Featured Exercise: Reverse Lunge

Featured Exercise #6: Reverse Lunge

Primary Muscle Groups: Glutes, Hamstrings

Secondary Muscle Groups: Quads

One of the most feared exercises around, the lunge is also one of the most beneficial.  Feared because it is misunderstood and often performed incorrectly, and beneficial because of its functional application to most athletic endeavors.  Most lower body movement that we perform, whether it is walking to our car after work or playing softball on the weekend occurs in the saggital plane (the vertical plane running from front to back dividing our body into left and right halves).  The lunge works in the same plane, strengthening the major muscles responsible for walking and running.  Since everyone performs one of these movements, if not both, then the lunge should be essential to your routine.  This particular lunge is called the Reverse Lunge, and here is how it is performed:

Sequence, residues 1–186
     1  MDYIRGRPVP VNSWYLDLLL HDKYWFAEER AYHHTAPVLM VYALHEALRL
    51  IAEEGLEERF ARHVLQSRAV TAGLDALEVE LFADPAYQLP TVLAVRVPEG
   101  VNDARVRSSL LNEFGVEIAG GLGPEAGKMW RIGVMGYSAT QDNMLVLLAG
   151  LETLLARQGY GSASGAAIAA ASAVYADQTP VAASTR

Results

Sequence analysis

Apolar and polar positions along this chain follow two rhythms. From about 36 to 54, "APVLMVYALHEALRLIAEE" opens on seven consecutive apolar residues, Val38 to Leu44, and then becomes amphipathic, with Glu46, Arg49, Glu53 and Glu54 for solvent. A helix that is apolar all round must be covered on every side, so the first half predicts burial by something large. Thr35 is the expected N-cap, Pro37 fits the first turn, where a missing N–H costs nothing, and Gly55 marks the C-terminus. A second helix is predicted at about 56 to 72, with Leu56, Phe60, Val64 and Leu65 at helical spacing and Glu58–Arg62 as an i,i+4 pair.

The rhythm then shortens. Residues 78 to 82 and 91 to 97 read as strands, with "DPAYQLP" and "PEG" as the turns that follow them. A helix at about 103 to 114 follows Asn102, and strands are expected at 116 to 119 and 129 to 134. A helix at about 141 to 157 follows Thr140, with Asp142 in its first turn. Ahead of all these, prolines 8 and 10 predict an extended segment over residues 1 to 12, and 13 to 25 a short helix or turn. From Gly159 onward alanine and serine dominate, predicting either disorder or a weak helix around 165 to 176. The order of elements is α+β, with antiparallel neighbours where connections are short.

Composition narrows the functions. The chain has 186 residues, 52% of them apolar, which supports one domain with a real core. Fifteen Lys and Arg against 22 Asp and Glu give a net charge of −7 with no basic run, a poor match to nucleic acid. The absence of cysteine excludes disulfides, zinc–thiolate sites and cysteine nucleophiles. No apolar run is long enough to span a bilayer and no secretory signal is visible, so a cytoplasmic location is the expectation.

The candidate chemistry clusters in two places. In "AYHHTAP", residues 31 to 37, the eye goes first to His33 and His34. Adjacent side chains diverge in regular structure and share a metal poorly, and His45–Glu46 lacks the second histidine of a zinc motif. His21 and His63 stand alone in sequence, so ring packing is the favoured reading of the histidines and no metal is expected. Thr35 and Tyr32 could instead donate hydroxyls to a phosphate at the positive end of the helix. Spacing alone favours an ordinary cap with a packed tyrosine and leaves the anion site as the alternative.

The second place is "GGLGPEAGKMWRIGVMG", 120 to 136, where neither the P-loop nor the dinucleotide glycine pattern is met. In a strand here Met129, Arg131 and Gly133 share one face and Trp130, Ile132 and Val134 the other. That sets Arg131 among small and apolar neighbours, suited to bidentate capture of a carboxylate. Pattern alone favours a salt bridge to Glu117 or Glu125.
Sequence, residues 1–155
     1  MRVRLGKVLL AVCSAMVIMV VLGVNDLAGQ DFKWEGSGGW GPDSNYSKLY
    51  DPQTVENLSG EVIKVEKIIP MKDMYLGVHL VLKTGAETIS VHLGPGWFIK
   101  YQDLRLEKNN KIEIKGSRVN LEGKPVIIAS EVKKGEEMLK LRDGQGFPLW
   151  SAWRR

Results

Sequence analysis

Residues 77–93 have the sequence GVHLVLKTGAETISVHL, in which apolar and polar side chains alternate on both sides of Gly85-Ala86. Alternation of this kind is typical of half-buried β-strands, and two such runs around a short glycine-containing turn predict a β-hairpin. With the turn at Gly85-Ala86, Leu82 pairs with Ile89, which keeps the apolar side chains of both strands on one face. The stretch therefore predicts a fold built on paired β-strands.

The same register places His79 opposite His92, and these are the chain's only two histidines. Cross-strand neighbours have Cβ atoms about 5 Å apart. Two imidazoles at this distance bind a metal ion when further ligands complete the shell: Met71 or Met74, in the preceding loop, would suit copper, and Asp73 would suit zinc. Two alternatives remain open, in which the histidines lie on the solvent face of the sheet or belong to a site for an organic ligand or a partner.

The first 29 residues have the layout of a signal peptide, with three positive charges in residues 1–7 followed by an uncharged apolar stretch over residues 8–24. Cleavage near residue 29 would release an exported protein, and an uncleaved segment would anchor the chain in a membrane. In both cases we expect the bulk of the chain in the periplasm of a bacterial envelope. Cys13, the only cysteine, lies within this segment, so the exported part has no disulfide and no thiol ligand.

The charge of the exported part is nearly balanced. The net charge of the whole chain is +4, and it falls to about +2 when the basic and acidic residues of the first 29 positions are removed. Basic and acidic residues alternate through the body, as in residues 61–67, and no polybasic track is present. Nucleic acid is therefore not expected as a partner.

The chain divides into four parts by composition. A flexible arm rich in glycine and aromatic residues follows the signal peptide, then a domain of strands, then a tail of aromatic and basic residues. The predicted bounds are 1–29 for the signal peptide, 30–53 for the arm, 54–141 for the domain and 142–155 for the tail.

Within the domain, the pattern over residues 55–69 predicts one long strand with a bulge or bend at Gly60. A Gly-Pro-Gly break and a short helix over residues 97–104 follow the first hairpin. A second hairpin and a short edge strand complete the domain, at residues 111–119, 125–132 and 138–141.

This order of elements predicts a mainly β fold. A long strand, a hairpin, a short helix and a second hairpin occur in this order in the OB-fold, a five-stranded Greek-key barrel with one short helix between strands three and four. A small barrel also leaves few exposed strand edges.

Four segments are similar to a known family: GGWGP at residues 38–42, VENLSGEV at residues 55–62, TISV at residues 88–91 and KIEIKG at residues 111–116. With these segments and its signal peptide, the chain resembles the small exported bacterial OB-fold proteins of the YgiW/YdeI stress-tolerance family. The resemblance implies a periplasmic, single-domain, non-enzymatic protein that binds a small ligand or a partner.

Starting in the upright position, hands on hips or holding dumbbells at your side, step backward with one leg, bending the front knee, hinging forward with your hips, keeping the weight flat in the front foot and not letting the front knee come farther forward than the toe.  The back should stay in a neutral position.  Only the toe of the back foot should be touching the ground and the back knee should be slightly bent just above the ground.  Tension should be felt in the hamstrings and glutes of the front leg.  Using the front leg to do the majority of the work, stand and return to the starting position.  Repeat for the required number of repetitions before switching to the opposite leg.  You’ll know you are doing it right if you feel the work in the back of your leg more than the front.  There should be no pain in the knee joint itself.  If you feel any knee discomfort, make sure that your front knee is not coming farther forward than the toe and push your body weight back to the front heel.  Your body should have a slight lean forward to it at the bottom of the motion, but the back should always remain neutral.  Start with no extra resistance until you feel comfortable with the movement, then gradually progress to holding dumbbells at your side.  Enjoy!


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